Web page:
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Breaking the Stigma Around Mental Health

Diya Patel and Ananya Shrivastava, 2022 Governor's STEM Scholars

Read the opinion-editorial in TAP Into Parsippany here.


Diana was a teenager like every other, starstruck with dreams and ambitions, and was working hard to bring them to reality; however, when the COVID-19 global pandemic struck, it abruptly halted so many of the norms that she had taken for granted. Diana began to spiral with her grades, sleeping habits, screen time, and worst of all, her mental health. While Diana wasn't a unique case for this, we're sure that there was a Diana in all of us at some point during the pandemic.

According to the World Health Organization, 20 percent of children and young adults live with mental health conditions and the second leading cause of death for those aged 15-29 is suicide. With an increase in social isolation caused by the COVID-19 pandemic, during the past two years, mental health conditions, such as depression, anxiety, alcohol and drug dependency, and lower self-esteem have increased in young adults. The COVID-19 pandemic will have rippling effects across our generation for decades, if not, our entire lifetime. Some friends share how they cope with depression and anxiety, while others struggle to deal with suicidal thoughts. We hope one positive effect of the pandemic is the destigmatization of mental health issues in young adults. The future is in our hands: Gen Z.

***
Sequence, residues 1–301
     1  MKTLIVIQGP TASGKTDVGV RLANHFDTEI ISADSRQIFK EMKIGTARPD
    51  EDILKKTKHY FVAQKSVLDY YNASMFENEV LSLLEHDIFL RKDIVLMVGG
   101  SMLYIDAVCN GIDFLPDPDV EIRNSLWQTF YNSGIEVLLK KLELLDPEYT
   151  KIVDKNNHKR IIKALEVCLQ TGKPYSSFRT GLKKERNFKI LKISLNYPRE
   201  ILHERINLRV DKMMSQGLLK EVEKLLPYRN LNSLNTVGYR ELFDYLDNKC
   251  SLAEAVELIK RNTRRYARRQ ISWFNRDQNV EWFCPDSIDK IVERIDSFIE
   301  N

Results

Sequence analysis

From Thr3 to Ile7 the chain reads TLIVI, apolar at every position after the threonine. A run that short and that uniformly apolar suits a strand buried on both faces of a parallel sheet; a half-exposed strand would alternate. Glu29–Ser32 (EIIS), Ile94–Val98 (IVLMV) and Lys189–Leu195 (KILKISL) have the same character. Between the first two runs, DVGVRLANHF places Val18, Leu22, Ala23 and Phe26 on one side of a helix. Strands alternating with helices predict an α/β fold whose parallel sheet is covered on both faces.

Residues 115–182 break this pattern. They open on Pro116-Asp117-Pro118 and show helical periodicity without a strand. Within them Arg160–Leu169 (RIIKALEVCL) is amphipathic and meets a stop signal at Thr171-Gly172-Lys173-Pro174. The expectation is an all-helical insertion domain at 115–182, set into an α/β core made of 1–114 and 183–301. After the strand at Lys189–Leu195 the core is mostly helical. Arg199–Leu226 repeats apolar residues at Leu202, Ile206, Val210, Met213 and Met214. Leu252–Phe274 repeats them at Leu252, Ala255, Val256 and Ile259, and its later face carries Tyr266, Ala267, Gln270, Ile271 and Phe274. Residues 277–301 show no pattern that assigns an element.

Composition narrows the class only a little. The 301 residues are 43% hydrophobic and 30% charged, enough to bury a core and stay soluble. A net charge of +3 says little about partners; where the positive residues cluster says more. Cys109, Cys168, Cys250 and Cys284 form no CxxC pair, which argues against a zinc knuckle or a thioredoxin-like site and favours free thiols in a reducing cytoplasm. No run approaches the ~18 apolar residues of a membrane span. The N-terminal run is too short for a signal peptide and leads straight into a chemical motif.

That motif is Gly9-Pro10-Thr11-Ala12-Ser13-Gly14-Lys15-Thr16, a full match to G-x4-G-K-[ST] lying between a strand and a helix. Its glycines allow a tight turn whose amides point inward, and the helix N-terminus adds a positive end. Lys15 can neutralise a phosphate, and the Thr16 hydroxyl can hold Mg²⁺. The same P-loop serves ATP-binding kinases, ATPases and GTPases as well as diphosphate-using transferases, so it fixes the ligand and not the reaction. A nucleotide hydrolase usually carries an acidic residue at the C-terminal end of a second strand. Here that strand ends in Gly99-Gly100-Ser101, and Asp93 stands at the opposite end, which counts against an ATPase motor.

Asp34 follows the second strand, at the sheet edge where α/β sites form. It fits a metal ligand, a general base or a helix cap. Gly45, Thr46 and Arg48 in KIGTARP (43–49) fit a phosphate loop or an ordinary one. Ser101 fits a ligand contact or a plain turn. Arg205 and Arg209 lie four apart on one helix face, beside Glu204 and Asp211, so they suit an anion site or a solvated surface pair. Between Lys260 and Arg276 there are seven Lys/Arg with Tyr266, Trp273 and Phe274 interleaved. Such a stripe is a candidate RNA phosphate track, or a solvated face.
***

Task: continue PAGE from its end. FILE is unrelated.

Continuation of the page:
Through social media, young adults can learn of others’ struggles in a way that was not available to previous generations. According to Cheryl Carmin, Ph.D., a psychologist at The Ohio State University Wexner Medical Center, “COVID-19 is prompting conversations that have been needed long before the pandemic hit”. We wholeheartedly agree. Without such talk in our community, no one, especially teenagers, would receive the treatment and assurance they might need. The shared experience of loss, grief, and loneliness of COVID-19 has helped to destigmatize mental health discussions. Additionally, over the course of the pandemic, there have been many resources that have been dedicated to supporting positive youth mental health. New Jersey is taking steps to provide young adults with the tools to cope and combat mental health issues. The state set aside $30 million in federal relief funds to support mental health in schools. The New Jersey Department of Education (NJDOE) encourages Social Emotional Learning (SEL) programs in schools to help students develop healthy identities, manage emotions, maintain supportive relationships, among other important skills. Additionally, they encourage schools to utilize the Schools Health Assessment and Performance Evaluation System (SHAPE): a tool used to identify mental health strengths and needs of entire school populations.

Other strides have been taken in making help more accessible. For example, in July of 2020, the National Suicide hotline was changed to 988 as a way of making it easier to remember. Telehealth options for mental health services have become more prevalent during the pandemic making it easier to access help. Advocacy and awareness groups have used social media to promote mental health awareness throughout the pandemic, connecting young adults at home to resources and motivation they could use. We know that when we see other people discuss their mental health struggles, it is easier for us to have honest conversations around our struggles.